Inhabiting Time That's Not Mine
Inspired by my family background—I’m the granddaughter of immigrant coal miners—I set the story in southwestern Pennsylvania coal country. Playing St. Barbara takes place from 1929 to 1941, a time marked by rampant xenophobia and violent strikes. Since mining literature typically focuses on miners, I chose a different approach. My story chronicles the secrets and struggles of a miner’s wife and three daughters.
I’d never attempted a historically based narrative, but the prospect didn’t daunt me. I’d started out as a journalist, so I was used to asking questions, tracking down facts. Every novel requires some degree of research. How hard could it possibly be?
What I failed to consider was the fact staring me in the face: I wasn’t alive from 1929-1941. Consequently, everything had to be researched.
I was sure that if I cut corners, it would show in the writing. Even readers who knew nothing about mining would sense I hadn’t done my homework. I needed to learn everything I could about Depression-era mining technology, labor history, immigration trends, as well as fashion, diet, car models, entertainment, slang—in short, I needed to write with the authority of someone who had been alive from 1929-1941.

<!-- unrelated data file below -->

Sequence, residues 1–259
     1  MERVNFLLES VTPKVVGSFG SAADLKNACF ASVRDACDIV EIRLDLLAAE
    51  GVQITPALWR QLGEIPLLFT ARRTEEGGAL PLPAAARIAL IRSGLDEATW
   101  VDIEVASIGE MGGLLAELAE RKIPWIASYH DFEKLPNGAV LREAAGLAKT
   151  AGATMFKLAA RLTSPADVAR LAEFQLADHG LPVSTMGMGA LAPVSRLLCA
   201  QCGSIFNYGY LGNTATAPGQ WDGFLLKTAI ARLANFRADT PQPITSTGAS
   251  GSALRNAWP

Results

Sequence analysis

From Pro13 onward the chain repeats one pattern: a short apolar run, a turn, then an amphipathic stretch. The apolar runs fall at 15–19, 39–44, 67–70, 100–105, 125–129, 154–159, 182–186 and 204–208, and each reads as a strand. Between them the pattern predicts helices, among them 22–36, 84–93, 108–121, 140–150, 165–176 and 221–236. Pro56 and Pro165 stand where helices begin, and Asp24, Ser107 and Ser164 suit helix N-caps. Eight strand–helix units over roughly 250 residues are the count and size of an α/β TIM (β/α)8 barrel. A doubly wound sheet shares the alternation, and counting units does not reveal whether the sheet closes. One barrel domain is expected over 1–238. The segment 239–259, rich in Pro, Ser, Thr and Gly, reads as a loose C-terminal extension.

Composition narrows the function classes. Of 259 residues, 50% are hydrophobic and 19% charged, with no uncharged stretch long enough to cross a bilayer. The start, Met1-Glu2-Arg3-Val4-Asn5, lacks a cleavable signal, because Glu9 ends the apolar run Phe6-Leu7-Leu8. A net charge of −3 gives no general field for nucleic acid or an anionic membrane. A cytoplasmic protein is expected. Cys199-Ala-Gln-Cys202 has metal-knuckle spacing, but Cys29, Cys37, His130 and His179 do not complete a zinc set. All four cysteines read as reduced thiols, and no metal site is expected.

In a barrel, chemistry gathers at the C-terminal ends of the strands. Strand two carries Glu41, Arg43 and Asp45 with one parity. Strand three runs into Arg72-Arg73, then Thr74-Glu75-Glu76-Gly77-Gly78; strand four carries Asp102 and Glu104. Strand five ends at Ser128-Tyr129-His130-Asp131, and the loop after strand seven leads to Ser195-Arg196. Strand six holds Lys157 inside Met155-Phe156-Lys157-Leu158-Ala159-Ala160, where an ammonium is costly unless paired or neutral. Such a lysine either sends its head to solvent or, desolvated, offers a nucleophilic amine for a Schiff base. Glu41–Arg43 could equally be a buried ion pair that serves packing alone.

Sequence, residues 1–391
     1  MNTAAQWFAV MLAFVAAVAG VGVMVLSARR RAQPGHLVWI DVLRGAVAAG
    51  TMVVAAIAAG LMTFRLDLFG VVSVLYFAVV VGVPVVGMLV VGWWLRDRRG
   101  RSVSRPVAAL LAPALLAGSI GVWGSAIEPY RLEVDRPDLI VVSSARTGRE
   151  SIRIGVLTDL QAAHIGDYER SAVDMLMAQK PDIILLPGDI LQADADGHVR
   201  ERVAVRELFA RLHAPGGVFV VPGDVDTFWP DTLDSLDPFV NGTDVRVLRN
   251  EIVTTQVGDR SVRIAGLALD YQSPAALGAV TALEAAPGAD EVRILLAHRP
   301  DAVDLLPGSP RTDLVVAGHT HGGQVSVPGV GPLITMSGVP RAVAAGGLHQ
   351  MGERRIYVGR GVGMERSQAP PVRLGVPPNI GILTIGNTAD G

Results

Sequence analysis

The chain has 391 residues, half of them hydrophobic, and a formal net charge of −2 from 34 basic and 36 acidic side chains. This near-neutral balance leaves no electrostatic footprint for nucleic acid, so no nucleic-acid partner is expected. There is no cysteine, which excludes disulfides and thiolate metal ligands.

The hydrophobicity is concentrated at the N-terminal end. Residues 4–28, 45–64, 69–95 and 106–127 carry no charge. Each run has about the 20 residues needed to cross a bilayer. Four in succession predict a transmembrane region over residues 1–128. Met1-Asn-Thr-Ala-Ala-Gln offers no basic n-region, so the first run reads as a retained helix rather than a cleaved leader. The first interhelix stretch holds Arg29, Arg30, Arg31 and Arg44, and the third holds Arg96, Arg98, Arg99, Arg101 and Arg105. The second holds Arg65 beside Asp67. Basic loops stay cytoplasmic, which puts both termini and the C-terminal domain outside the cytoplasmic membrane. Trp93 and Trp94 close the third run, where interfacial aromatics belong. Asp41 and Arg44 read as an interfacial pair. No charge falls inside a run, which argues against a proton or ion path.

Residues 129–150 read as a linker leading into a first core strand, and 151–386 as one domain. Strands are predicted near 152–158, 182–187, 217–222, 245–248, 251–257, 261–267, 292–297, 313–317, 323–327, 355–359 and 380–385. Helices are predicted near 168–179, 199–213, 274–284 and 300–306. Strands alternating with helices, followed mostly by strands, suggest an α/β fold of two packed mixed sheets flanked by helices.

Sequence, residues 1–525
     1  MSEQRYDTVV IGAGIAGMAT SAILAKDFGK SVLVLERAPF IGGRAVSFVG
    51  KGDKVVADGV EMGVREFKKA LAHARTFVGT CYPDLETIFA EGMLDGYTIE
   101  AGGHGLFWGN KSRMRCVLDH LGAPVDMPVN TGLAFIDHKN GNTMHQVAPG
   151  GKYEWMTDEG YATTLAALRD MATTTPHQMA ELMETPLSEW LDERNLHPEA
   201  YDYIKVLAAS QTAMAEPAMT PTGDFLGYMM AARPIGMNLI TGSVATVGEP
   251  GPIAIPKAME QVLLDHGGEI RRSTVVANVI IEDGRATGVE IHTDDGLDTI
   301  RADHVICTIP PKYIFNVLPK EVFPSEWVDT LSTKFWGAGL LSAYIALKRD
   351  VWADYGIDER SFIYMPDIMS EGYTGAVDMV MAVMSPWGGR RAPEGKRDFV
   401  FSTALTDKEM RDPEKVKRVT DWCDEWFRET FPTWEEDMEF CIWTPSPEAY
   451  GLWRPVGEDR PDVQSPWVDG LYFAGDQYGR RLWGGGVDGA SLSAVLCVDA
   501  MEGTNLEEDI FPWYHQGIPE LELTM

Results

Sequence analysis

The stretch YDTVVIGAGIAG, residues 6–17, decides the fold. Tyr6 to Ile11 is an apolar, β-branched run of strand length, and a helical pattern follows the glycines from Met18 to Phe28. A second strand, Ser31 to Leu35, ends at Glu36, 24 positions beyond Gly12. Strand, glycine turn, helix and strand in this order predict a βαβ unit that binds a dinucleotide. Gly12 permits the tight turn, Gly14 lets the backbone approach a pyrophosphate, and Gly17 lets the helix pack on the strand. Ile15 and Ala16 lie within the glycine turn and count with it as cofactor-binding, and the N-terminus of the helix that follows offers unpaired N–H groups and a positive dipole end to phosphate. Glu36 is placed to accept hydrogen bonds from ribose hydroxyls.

I amassed a small library and worked my way through it. I visited historical and labor archives. I studied vintage photographs. I explored Pittsburgh’s old German neighborhood. I watched a host of old movies—a repository of clothing styles, period interiors, and popular figures of speech. Replete with knowledge, I began writing, only to stop time and again to look up a salient detail online. What did a 1930s wedding gown look like? How much did ground beef cost in 1929? What was happening in Europe during the spring of 1941?
I resolved every last detail in the story would be authentic, from the cover image on the May 1941 issue of Screen Guide magazine, to the real-life county sheriff whose insubordination led to county-wide martial law, to the Lincoln quote on the H. C. Frick Coke Co. pay envelope.
However, I must confess I cut it close in Chapter 15. “Who’s Afraid of the Big Bad Wolf?” (from Disney’s 1933 film The Three Little Pigs) was released just the day before a deputy whistles it.